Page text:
Cantwell v. Connecticut

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Cantwell v. Connecticut

Cantwell v. Connecticut, 310 U.S. 296 (1940), was a United States Supreme Court decision that incorporated (applied to the states) the First Amendment's protection of religious free exercise. Excerpted from Cantwell v. Connecticut on Wikipedia, the free encyclopedia.

United States Supreme Court

310 U.S. 296

Cantwell  v.  Connecticut

 Argued: March 29, 1940. --- Decided: May 20, 1940

Mr. Hayden C. Covington, of New York City, for appellants and petitioners.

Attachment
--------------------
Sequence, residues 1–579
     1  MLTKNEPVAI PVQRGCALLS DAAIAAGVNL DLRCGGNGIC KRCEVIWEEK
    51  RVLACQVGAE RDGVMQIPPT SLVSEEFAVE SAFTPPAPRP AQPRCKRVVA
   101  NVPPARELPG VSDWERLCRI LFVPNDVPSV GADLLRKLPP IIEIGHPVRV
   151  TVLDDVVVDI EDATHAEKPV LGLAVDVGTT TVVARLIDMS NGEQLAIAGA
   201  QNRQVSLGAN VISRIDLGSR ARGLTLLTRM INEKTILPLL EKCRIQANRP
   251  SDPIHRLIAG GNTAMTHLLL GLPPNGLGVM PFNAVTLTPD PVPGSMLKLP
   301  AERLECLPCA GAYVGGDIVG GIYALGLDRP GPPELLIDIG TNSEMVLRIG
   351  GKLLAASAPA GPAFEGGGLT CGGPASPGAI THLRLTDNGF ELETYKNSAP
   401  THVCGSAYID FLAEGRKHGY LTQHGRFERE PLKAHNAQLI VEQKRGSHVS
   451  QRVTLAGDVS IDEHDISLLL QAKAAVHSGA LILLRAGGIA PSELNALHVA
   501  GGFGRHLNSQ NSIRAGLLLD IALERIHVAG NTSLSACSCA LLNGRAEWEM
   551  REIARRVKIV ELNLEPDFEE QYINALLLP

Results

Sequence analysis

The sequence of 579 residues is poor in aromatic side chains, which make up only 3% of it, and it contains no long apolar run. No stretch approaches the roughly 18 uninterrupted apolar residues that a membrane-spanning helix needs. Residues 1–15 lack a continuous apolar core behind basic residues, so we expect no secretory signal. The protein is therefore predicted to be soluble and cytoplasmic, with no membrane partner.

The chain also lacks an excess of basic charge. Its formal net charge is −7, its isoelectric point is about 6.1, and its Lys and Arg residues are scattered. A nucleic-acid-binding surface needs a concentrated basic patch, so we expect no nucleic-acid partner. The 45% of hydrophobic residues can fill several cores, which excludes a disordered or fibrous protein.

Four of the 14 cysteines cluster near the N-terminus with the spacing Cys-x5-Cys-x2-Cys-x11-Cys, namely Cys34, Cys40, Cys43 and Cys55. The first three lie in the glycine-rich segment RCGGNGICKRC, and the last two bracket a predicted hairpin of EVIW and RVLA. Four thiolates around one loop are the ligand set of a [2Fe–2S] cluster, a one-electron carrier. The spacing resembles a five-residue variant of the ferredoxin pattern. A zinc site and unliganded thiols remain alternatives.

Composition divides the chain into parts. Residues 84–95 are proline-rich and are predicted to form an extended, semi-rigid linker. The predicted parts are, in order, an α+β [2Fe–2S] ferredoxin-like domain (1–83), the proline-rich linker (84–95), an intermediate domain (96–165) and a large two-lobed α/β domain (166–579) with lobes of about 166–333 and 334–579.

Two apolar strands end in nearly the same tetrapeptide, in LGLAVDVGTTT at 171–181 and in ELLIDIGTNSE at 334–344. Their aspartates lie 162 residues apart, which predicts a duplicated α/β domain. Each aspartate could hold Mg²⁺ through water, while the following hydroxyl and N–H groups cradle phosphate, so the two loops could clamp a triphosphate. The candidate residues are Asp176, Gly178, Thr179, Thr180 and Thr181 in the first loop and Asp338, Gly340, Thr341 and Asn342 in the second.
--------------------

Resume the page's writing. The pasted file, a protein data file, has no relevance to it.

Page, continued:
Messrs. Edwin S. Pickett, of New Haven, Conn., and Francis A. Pallotti, of Hartford, Conn, for appellee and respondent.

[Argument of Counsel from pages 297-299 intentionally omitted]

Mr. Justice ROBERTS, delivered the opinion of the Court.

Notes Edit

This work is in the public domain in the United States because it is a work of the United States federal government (see 17 U.S.C. 105).

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